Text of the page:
The Supreme Court ruled Thursday that it is "unreasonable" for Japan Post Co. not to provide its fixed-term employees with the same allowances it pays to regular workers.

The top court's judgement in favor of nonregular workers came two days after its rulings against them in two different cases over a law that prohibits unfair gaps between the treatment of such employees and regular workers.

The court's No. 1 Petty Bench, presided over by Justice Atsushi Yamaguchi, addressed allowances widely paid in Japan to employees whose family members are financially dependent on them as well as extra pay for work during the year-end and New Year holidays -- the busiest season for the mail service due to greeting-card delivery.

Plaintiffs cheer after the Supreme Court rules in favor of them in Tokyo on Oct. 15, 2020. (Kyodo)

The court said it was "illegal" not to include the plaintiffs in the additional payroll, as they had been working at the company long-term through repeatedly renewed contracts.

Nearly half of the approximately 390,000 employees at Japan Post are nonregular workers. The ruling is expected to put pressure on the firm to dramatically revise its work conditions.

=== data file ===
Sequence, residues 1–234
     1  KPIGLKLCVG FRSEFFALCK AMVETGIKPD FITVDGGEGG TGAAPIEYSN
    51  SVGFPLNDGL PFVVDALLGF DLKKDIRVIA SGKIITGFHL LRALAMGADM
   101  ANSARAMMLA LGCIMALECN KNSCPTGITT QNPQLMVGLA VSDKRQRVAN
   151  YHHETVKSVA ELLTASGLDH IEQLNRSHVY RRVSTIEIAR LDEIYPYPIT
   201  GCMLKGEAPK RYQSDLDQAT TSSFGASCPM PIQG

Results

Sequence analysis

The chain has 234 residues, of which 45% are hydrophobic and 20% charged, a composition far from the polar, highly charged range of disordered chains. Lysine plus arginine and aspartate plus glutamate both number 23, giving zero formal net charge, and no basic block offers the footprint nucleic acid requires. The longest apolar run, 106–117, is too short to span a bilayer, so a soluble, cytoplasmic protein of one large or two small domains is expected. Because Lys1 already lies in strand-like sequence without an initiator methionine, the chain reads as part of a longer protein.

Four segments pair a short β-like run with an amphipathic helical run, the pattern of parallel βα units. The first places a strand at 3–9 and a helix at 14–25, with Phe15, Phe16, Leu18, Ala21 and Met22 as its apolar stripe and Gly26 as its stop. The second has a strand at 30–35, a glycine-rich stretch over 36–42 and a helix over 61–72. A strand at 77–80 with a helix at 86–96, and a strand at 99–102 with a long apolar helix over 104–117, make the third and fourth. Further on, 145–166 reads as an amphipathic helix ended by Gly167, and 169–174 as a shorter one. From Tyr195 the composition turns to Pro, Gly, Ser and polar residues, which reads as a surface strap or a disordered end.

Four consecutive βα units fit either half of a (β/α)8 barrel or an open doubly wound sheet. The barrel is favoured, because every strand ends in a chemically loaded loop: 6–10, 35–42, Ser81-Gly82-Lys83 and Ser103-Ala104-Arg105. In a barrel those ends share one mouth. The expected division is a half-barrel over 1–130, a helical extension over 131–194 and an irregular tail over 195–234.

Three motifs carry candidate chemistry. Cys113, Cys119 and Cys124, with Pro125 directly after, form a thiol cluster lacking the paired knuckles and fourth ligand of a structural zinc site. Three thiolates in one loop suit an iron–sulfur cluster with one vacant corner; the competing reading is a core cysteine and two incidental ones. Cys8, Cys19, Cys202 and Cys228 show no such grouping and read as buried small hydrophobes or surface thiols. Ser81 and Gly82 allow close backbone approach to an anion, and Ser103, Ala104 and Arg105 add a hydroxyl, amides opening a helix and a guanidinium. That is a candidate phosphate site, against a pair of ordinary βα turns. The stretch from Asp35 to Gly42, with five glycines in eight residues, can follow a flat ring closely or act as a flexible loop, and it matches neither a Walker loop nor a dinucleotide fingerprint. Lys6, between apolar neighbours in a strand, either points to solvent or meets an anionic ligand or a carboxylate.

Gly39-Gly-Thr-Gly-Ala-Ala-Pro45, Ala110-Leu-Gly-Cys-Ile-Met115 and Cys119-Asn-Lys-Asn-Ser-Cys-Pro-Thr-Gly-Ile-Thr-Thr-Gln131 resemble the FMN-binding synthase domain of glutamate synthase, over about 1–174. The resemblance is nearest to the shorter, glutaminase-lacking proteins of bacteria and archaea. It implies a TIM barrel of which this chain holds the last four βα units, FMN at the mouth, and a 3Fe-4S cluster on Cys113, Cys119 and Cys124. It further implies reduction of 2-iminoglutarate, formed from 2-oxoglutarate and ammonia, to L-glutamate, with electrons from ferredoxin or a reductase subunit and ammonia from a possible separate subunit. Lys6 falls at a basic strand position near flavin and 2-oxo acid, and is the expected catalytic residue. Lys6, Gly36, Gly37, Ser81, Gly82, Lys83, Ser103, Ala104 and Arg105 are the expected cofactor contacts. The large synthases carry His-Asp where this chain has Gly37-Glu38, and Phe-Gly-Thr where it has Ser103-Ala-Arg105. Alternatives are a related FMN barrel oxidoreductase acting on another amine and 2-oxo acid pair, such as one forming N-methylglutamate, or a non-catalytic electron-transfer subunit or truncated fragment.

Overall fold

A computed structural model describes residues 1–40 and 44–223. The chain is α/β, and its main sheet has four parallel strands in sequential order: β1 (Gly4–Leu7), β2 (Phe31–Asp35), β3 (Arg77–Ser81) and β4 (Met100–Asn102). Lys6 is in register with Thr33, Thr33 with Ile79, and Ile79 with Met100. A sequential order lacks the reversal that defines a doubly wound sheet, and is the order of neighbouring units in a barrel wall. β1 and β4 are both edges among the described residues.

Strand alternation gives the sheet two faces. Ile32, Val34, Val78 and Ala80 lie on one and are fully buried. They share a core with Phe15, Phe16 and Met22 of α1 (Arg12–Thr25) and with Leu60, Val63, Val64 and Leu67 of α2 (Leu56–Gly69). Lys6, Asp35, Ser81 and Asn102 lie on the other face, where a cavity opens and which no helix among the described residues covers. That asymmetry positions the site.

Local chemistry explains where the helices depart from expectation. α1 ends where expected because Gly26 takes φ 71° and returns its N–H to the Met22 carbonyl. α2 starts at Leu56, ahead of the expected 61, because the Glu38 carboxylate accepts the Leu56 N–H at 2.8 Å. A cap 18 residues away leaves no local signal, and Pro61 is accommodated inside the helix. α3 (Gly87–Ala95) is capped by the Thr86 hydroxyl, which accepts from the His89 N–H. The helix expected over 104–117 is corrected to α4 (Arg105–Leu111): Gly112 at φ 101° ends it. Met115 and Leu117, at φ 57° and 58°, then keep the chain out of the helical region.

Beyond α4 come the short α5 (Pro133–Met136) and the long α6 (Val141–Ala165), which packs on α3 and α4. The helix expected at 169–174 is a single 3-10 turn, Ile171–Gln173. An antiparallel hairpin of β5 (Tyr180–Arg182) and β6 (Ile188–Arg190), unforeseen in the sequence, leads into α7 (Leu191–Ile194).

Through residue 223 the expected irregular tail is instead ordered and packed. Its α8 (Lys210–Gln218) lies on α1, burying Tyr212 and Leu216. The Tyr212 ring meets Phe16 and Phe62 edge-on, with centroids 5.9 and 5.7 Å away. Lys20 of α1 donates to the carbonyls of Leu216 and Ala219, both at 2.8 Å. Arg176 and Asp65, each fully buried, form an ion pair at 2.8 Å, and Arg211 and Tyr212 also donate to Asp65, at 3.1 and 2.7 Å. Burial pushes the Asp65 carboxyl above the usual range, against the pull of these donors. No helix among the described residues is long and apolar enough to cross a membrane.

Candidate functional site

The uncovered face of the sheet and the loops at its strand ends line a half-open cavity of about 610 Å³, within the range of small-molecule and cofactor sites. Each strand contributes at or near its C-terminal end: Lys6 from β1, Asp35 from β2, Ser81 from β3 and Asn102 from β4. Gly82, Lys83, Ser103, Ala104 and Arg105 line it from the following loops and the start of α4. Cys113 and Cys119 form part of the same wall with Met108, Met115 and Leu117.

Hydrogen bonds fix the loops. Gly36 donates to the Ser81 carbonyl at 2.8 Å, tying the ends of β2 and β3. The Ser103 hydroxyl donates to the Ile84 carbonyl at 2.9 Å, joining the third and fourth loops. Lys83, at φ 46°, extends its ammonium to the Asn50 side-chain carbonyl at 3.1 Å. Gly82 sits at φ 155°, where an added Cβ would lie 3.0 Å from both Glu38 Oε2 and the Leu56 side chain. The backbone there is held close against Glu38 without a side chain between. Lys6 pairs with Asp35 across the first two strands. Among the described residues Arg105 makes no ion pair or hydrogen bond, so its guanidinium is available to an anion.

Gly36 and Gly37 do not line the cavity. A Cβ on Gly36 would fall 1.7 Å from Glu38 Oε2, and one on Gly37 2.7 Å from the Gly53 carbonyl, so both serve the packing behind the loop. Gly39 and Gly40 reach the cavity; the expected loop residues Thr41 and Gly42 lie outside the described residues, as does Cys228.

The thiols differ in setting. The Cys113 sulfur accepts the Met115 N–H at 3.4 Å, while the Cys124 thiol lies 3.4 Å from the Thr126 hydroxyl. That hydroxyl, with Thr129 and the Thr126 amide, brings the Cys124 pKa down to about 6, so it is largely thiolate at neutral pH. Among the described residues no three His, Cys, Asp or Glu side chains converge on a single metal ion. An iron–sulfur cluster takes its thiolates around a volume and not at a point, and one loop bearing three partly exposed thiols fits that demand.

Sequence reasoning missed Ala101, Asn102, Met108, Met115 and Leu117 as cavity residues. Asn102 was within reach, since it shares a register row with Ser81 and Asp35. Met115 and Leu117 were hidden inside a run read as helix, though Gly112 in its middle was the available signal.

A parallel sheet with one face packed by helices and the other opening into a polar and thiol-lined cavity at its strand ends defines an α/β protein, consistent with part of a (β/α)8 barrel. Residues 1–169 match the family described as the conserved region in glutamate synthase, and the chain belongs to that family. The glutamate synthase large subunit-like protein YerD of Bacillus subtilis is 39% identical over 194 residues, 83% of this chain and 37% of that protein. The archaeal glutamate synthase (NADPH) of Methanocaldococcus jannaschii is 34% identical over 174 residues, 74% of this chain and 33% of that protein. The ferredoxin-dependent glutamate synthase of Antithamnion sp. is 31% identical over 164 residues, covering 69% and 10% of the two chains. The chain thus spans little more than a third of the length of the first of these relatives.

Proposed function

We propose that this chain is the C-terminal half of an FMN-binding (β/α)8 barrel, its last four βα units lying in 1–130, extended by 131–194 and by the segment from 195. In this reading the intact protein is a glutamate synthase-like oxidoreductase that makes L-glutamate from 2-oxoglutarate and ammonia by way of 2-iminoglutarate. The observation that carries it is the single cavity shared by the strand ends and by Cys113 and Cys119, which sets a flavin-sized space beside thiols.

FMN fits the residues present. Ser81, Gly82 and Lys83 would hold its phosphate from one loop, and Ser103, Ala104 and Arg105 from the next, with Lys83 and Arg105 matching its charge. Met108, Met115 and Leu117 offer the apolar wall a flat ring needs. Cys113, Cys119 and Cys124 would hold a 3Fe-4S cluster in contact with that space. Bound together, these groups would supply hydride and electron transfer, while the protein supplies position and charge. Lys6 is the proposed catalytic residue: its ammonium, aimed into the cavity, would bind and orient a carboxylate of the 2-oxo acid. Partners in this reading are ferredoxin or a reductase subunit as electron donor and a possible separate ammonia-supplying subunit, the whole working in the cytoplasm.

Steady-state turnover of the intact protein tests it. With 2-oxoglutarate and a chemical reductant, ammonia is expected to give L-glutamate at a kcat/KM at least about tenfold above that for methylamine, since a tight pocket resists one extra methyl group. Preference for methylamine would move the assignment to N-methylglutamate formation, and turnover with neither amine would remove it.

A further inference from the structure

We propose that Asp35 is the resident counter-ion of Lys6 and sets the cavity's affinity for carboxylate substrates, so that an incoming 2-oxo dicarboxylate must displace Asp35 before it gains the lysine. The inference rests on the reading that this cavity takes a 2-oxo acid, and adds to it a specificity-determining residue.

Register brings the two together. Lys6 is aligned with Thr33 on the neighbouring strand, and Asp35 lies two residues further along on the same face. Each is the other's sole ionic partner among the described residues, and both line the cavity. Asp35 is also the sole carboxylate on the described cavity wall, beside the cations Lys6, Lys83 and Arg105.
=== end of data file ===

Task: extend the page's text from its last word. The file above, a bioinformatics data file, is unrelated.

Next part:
"We will swiftly conduct labor negotiations following the ruling, and work on reforming the system in light of the issue's importance," Japan Post said in a statement.

A total of 12 nonregular employees, including two who have since retired, had filed three lawsuits in 2014 in Tokyo, Osaka in western Japan and Saga in southwestern Japan, leading to different high court rulings in the respective regions.

After the law prohibiting unreasonable gaps in treatment between fixed-term and indefinite-term employees took effect in 2013, the government set a policy of equal pay for equal work but critics say it is unclear to what extent it prevents different treatment.

The employees, who worked at post offices in Tokyo, Chiba, Aichi, Osaka, Hyogo, Hiroshima and Saga prefectures, also took issue with their employer for not entitling them to summer and winter holidays or sick leave.

The top court said the damages awarded for lawsuits filed in Tokyo and Osaka needed to be recalculated, repealing a section of the previous rulings, and referred the cases back to their respective high courts.

As for a lawsuit filed at the Saga District Court, Japan Post had appealed the ruling given by the Fukuoka High Court ordering it to pay the nonregular worker about 60,000 yen ($570) in compensation, saying the lack of summer and winter holidays was unlawful.

The top court rejected the company's appeal.

On Tuesday, the top court's No. 3 Petty Bench rejected the provision of bonus and retirement payments to nonregular employees of Osaka Medical College and Metro Commerce, a subsidiary of Tokyo Metro Co., which runs the capital's subway system.

The top court had said in June 2018 that whether different treatment is unreasonable should be judged not only by the total pay but by the purpose of each item making up pay and allowances.